Dench’s Irish accent drifts a touch, but it is an otherwise exquisite portrait of a resolutely fair, honest and optimistic woman, a perfect counter-balance to Coogan’s, his usual finger of Alan Partridge entirely appropriate here. I’d be happier without the pantomime evil nun Sister Hildegarde right at the end, but she does at least make the point that feelings run high on this issue, and that the nuns had a cogent worldview too, one in which “carnal incontinence” was something to be battled against. As for Stephen Frears’s direction, it’s a master class in old Hollywood storytelling – of Howard Hawks economy and lightness of touch. Invisible to the eye, all the hard work concealed.

 

 

Why Watch?

 

  • A great Steve Coogan script
  • A great Judi Dench performance
  • Manages to be funny and yet serious
  • Artful direction by Stephen Frears

 

© Steve Morrissey 2014

 

 

Philomena – Watch it now at Amazon

 

 

 

 

4 thoughts on “Philomena”

  1. As several critics have observed, this wonderful film, just shown at TIFF, is destined to become this year's King's Speech (which began its Oscar run in Toronto too, though Philomena has already picked up accolades in Venice). Both British films have strongly emotional undercurrents leavened by wry humour, feature outstanding performances from the leads and are based on true stories.

    Judi Dench, as the Irish woman whose out-of-wedlock son is taken from her by Catholic nuns and sold to a rich American couple in the 1950's, has never been better. She imbues the role with a mix of wisdom (after all, as she reminds us repeatedly, she was nurse for 30 years) and naiveté that would seem to be impossible were it not so deftly handled. While the cynical atheist portrayed by Steve Coogan rarely misses an opportunity to poke fun at her, more often than not she enjoys the last laugh.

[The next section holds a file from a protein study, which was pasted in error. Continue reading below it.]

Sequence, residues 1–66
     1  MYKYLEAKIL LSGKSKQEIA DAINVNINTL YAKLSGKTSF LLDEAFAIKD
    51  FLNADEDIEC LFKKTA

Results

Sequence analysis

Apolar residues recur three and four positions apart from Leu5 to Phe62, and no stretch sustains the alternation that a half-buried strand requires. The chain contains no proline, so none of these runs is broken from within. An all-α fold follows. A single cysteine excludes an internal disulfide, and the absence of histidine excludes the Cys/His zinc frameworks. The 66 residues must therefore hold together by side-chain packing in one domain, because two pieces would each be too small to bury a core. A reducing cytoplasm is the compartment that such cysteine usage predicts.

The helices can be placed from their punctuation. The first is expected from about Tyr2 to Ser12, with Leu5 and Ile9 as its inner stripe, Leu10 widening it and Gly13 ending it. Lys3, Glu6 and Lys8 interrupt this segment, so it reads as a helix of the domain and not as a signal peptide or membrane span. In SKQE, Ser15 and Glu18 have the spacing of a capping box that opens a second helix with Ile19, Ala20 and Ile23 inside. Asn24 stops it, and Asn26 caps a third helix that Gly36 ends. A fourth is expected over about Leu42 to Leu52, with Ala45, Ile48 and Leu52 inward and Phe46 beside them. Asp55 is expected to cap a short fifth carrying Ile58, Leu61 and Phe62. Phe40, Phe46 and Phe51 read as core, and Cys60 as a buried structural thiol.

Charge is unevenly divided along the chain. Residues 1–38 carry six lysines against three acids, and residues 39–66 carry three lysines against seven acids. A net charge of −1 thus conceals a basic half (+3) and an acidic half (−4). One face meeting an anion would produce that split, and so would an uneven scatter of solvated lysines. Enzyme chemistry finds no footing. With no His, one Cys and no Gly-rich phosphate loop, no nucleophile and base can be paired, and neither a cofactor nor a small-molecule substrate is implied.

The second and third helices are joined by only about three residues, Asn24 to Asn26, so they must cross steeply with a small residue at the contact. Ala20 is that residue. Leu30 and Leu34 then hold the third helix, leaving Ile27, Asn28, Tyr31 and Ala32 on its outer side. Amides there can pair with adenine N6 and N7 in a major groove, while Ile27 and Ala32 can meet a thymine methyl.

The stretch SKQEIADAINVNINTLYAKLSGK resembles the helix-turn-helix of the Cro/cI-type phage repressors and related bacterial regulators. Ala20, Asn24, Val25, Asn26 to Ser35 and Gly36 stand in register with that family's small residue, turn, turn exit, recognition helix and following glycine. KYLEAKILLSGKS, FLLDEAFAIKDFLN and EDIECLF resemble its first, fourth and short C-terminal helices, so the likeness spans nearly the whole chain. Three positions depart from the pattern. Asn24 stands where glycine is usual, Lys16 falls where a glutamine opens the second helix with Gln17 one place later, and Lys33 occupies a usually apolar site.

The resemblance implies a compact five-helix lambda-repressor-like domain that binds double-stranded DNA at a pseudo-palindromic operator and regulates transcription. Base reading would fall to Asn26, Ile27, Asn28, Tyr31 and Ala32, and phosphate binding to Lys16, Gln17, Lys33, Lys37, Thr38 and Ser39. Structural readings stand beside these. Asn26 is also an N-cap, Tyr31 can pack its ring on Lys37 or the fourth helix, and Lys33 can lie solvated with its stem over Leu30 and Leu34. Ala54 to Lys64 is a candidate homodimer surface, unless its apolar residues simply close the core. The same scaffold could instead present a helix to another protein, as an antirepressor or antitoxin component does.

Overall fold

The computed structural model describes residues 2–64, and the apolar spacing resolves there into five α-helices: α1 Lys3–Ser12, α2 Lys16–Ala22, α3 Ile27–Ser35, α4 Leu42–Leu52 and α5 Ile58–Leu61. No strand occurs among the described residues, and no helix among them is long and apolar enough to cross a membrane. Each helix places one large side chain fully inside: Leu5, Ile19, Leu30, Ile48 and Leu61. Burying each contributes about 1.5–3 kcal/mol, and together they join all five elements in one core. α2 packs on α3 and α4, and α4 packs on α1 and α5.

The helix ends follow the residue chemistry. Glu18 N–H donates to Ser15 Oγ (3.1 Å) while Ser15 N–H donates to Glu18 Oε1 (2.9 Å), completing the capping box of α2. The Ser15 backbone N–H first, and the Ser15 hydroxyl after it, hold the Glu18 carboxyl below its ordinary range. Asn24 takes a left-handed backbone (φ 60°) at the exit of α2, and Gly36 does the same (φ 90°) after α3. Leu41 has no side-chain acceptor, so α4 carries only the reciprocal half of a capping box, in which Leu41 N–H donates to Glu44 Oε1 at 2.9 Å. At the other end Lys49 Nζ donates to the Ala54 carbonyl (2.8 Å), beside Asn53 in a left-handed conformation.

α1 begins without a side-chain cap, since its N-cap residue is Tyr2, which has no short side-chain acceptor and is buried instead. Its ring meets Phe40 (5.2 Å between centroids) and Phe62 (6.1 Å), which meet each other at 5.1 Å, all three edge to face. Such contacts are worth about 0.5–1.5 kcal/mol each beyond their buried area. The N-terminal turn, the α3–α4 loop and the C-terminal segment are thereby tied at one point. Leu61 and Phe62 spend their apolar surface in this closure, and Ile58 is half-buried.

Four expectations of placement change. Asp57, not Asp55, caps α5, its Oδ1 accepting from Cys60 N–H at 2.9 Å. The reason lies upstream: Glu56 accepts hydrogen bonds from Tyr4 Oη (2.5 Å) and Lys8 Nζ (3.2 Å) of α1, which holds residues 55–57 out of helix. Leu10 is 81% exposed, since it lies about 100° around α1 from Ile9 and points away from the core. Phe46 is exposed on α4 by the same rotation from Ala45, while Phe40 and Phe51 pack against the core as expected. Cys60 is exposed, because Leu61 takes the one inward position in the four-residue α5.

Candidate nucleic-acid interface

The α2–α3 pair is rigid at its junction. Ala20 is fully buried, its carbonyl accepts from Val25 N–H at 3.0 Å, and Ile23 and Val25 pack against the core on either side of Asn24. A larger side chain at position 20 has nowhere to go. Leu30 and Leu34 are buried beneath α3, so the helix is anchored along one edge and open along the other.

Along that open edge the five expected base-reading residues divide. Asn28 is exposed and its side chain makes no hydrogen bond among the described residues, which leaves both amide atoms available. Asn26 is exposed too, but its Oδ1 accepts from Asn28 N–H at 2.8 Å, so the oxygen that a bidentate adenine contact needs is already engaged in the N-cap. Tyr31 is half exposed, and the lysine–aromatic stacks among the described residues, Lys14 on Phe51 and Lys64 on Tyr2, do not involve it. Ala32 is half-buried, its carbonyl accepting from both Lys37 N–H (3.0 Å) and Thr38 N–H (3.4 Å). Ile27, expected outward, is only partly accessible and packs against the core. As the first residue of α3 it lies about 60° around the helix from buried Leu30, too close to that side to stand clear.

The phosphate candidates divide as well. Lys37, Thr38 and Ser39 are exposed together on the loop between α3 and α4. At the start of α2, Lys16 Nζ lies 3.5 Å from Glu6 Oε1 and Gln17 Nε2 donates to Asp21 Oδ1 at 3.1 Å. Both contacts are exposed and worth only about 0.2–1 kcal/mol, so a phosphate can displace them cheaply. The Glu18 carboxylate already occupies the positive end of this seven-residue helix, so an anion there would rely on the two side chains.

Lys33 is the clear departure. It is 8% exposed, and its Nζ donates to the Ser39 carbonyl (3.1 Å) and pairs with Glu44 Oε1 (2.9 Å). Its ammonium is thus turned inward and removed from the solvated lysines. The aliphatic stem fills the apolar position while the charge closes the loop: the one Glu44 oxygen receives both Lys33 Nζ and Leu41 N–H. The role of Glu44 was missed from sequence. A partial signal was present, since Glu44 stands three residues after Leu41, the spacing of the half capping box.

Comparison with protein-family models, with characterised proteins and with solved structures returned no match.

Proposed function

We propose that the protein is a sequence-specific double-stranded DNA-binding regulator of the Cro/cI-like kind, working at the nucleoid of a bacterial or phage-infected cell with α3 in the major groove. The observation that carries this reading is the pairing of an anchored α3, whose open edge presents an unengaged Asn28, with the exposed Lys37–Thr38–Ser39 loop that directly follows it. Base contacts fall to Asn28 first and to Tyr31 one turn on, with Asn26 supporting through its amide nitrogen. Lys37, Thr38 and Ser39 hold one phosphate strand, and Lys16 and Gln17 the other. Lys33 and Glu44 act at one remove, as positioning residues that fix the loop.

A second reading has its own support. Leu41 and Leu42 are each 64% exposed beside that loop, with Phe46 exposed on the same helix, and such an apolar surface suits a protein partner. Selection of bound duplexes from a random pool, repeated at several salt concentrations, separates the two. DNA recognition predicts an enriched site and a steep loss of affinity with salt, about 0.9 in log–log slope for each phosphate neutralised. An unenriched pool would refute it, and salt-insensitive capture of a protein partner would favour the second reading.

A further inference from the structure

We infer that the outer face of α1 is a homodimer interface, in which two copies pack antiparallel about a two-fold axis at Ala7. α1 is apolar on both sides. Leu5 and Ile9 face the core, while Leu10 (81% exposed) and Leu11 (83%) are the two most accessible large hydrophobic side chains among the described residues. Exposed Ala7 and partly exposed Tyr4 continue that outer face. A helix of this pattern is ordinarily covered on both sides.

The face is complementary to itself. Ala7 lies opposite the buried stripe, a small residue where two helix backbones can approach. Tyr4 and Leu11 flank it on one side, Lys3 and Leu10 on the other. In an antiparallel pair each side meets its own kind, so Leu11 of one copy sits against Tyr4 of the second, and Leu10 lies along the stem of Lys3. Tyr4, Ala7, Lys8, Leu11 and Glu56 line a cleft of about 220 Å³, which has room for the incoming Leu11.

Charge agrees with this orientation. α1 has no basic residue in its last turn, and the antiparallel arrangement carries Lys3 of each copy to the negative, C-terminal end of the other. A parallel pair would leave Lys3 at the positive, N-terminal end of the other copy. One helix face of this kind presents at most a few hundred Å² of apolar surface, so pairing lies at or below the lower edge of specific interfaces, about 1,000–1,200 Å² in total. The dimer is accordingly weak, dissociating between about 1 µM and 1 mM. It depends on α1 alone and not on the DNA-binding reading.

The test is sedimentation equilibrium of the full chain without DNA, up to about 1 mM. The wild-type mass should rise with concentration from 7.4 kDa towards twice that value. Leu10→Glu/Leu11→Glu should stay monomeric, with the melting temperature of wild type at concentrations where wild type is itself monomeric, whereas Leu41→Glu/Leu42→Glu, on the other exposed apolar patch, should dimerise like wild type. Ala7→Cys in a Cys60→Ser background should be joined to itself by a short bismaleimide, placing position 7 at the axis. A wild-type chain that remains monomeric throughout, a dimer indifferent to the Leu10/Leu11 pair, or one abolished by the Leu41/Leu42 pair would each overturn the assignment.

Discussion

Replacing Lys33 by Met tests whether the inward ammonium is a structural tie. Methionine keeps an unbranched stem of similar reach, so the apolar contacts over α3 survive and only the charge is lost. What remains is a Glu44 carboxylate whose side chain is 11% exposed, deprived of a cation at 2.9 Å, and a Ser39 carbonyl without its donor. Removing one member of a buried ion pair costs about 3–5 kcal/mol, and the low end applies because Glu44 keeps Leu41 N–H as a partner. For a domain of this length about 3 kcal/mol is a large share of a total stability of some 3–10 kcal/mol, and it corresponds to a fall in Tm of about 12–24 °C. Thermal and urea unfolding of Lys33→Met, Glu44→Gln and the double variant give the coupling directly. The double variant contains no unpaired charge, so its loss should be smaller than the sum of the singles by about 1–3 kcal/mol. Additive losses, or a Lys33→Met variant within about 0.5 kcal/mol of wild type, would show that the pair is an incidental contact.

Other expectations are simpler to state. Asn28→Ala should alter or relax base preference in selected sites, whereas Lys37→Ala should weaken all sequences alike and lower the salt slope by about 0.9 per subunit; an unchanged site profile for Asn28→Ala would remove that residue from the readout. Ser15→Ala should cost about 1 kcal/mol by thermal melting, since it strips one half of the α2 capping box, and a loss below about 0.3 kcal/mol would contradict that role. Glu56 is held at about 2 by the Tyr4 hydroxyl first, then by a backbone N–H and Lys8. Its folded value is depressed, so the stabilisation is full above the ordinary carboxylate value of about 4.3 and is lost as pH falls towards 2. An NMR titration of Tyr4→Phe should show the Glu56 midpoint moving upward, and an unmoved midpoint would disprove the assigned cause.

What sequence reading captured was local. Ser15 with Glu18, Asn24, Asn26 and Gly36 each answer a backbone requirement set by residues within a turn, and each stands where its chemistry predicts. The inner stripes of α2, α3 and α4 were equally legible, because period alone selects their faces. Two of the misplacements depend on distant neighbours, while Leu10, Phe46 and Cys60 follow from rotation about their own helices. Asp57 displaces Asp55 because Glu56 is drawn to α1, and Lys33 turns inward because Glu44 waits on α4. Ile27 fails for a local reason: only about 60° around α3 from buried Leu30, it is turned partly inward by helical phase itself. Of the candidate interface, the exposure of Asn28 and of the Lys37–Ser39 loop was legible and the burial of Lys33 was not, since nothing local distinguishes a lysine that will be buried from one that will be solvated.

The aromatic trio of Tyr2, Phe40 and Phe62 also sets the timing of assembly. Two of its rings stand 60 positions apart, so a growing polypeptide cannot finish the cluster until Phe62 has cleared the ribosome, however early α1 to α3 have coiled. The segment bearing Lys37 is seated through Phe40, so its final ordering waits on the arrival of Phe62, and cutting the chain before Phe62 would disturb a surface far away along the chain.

Despite the consummate acting, and Frears' slick directing, the greatest treat of the film is Steve Coogan's screenplay. Given its subject matter, the story could easily have veered into melodrama, but just when it is on the verge of doing so Coogan pulls us back from the edge. Thankfully, Coogan himself is there to convey precisely the proper blend of sarcasm and compassion.

  2. Having lived the mother-baby home experience in Ireland (born at another of the Sacred Heart homes, Bessboro, in Cork in 1960, and trafficked to the US in 1961) and working as an advocate for the rights of adopted people and survivors of Irish Magdalene Laundries for more than twenty years, I'm always prepared to be either underwhelmed or angry at the film industry's ineptitude with subjects like this, I have to say I have not been as pleasantly surprised since Mike Leigh's excellent 'Secrets and Lies' and Peter Mullan's superb 'The Magdalene Sisters'. Frears, Coogan, Dench et al give Philomena's very true story such punch, truth and pathos, a heady accomplishment given the subject matter.

    I look forward to the film's US release and urge my fellow 'Banished Babies' to see it, although I recommend going with support as it's very triggering. Let's hope Philomena's strength and tenacity, so powerfully portrayed by Dame Judy, coax more mothers living in shame and denial to reach out to their lost children before it's too late.

  3. My wife talked me into going, I wanted to see Captain Philips but she was adamant this time. We both grew up in Ireland and I didn't want to see another one of those movies focused on stereotypes, the marketing blob types like the Quiet Man and Ryan's Daughter…stereotypical nonsense that lampoon our history and our culture. Steve Coogan and Judy Dench, especially Judy got it just right from the very start. They were smart, witty, serious and most of all, Judy was 'Irish' They really got the spirit of an Irish mom, that cocktail of guilt, generosity, inferiority and a heart to care for the entire world spot on. Dench in the hotel thanking everybody for being 'so nice' and getting who her son was as a child as others were today trying to 'break the news' to her…she wasn't just a step ahead, she was years ahead. Really excellent, really well done. Beautiful!

  4. Steve Coogan deserves utmost respect for producing and writing this film. His script is excellent, consistently witty and engaging on the surface whilst spinning many more layers beneath the surface which became unconsciously stirring. Normally with these kinds of films I find the humour becomes contrived, forced or inappropriate, like the writers/director buckle under a need to impress and please the audience. You won't find those jarring moments here – Philomena is expertly judged and balanced. The story itself is fascinating, and again Coogan's script steers clear from overt sentimentality to allow the humanity to speak for itself. A gentle, funny, heartbreaking and unforgettable film. I actually much prefer it to the Kings Speech.